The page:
Chief Minister Vijayan has dropped his usual evening press briefings even as the virus grows by the day.

 

New Delhi: On Friday, the day Chief Minister Pinarayi Vijayan completed 100 days on his second stint, Kerala registered more than 30,000 fresh cases of Covid-19 for the third day running. With the nation’s total cases standing at 46,500, nearly 70% of Friday’s cases came from Kerala, where the total touched a 105-day high of 32,800.

Kerala last registered a higher number of daily cases on 14 May, three-and-a-half months ago. A larger worry was the rising test positivity rate in the state. Kerala recorded a TPR of 19.2% on Friday, up from just over 18% the previous day.

However, Vijayan’s new Health Minister put up a brave face. “Our Covid-19 cases are on the rise but there is nothing to worry about,” minister Veena George told newspersons after a Cabinet meeting to take stock of the Covid situation in the state. She claimed that the state continued to be a model for Covid containment measures in the country.

According to her, Kerala’s “undercounting factor” was the best in the country. “In May, our daily case load reached 40,000. We, however, managed to provide adequate treatment for all the patients…There are certain indicators through which we can say how well a government has contained a pandemic. Fatality is one of the key indicators, and in Kerala, it is 0.5,” Veena George said.

But the Opposition thought otherwise. Congress leader and MP from Thiruvananthapuram Shashi Tharoor said, Kerala is currently in ICU. “Most of the Covid cases in the country are from Kerala. Despite the strength of the second wave in the country going down, the number of cases is not decreasing in Kerala alone,” Tharoor said. KPCC president K. Sudhakaran said the Pinarayi Vijayan government was a total failure in controlling Covid-19. The virus has taken the precious lives of 20,000 people in the state under its rule, he said. BJP state general secretary M.T. Ramesh said the state is being ruled by a government that is affected by Covid. “Pinarayi government is in quarantine for the last hundred days,” he said.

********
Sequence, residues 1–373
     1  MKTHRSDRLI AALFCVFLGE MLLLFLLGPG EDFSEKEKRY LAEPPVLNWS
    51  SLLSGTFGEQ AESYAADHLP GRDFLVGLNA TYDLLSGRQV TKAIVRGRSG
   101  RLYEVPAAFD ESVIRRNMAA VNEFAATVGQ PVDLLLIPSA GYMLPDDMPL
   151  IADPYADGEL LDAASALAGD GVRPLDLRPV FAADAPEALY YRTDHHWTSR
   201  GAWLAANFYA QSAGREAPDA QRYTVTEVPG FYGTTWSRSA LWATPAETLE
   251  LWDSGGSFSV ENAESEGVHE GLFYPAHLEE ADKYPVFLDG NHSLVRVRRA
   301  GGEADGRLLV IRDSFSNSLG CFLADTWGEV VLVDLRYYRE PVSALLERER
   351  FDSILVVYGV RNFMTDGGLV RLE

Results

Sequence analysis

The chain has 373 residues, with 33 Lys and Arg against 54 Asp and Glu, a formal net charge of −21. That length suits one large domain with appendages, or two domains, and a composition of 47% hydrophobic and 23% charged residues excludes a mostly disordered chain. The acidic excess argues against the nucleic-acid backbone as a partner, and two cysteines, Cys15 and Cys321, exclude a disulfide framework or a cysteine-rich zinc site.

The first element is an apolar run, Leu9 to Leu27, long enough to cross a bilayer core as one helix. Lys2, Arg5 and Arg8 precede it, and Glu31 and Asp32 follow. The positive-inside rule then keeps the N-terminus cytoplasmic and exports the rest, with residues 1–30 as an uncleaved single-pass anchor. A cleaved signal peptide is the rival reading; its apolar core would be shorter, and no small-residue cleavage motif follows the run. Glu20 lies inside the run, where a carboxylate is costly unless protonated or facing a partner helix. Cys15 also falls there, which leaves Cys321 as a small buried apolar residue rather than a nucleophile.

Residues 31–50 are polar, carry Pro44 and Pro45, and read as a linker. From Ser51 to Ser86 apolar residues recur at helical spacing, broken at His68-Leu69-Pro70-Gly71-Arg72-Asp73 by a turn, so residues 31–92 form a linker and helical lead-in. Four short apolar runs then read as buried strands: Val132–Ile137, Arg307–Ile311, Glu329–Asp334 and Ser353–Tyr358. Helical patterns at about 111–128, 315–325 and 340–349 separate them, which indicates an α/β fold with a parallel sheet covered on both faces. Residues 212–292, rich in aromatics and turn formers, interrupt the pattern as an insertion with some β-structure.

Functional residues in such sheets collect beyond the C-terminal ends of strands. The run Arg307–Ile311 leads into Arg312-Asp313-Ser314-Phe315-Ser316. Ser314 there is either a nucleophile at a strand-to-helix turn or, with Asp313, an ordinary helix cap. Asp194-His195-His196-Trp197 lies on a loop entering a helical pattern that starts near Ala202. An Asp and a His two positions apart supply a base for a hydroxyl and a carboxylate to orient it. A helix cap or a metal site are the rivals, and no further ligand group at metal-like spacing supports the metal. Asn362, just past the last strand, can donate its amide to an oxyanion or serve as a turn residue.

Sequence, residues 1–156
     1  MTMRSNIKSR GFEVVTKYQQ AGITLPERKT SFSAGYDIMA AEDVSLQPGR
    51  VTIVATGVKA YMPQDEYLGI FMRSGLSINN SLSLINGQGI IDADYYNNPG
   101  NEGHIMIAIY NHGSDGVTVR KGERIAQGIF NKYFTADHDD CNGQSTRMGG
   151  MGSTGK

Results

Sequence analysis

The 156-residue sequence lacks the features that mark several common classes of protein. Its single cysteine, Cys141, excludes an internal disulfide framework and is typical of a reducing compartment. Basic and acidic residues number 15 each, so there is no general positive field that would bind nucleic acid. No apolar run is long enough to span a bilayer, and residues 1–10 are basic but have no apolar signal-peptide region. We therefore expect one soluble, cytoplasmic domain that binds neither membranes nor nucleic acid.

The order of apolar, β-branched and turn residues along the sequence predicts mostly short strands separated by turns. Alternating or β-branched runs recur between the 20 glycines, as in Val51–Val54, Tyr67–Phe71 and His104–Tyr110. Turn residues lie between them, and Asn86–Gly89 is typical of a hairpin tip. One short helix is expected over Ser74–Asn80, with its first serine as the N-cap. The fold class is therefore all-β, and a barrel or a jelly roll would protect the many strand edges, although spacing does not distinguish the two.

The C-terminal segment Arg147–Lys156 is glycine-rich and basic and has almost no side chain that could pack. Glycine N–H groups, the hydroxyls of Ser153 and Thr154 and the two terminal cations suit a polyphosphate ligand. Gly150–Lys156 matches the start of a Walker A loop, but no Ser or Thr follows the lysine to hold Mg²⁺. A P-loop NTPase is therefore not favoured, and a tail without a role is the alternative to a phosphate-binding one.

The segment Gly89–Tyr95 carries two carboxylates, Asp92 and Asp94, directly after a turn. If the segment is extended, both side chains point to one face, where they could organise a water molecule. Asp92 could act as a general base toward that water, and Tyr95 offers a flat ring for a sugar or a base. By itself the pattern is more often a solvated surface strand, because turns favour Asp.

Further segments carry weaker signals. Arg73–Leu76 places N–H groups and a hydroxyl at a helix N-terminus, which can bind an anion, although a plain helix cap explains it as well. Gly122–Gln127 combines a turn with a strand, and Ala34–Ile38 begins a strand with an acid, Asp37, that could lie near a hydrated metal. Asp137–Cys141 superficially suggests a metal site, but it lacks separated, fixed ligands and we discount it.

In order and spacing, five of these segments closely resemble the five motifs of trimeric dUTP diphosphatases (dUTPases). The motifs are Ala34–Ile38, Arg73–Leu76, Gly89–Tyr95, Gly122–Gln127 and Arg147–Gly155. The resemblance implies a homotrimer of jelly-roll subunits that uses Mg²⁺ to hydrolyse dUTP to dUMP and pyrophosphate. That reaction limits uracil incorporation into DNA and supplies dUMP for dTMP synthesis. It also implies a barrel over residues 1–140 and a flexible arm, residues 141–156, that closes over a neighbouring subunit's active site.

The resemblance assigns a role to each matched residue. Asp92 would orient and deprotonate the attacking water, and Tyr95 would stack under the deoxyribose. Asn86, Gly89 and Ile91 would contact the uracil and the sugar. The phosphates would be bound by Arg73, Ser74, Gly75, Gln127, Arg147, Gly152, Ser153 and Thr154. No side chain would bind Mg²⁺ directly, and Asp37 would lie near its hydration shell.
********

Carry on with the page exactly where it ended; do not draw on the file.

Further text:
Pinarayi Vijayan chose not to address the press, a departure from the past practice, which stood out. In fact, Vijayan has not conducted a press meet for the past one month or so. Earlier, especially in the months preceding the Assembly election in last April, the evening press briefing by the Chief Minister was a regular feature, sending local TV ratings soaring. This time, Vijayan chose to convey his thoughts on the occasion through one of party mouthpieces, Chintha.

“There are some unnecessary controversies surrounding the second wave. Some sections are trying to create fear among the people by portraying the high numbers during the second wave as a cause for concern,” he wrote in the magazine. Claiming that the state did not waste a single drop of vaccine and successfully inoculated extra doses, Pinarayi asked, “If Kerala model is wrong in Covid containment, then which model should we follow?…No one had died in Kerala due to a lack of oxygen. No person was deprived of medical aid or medical bed.”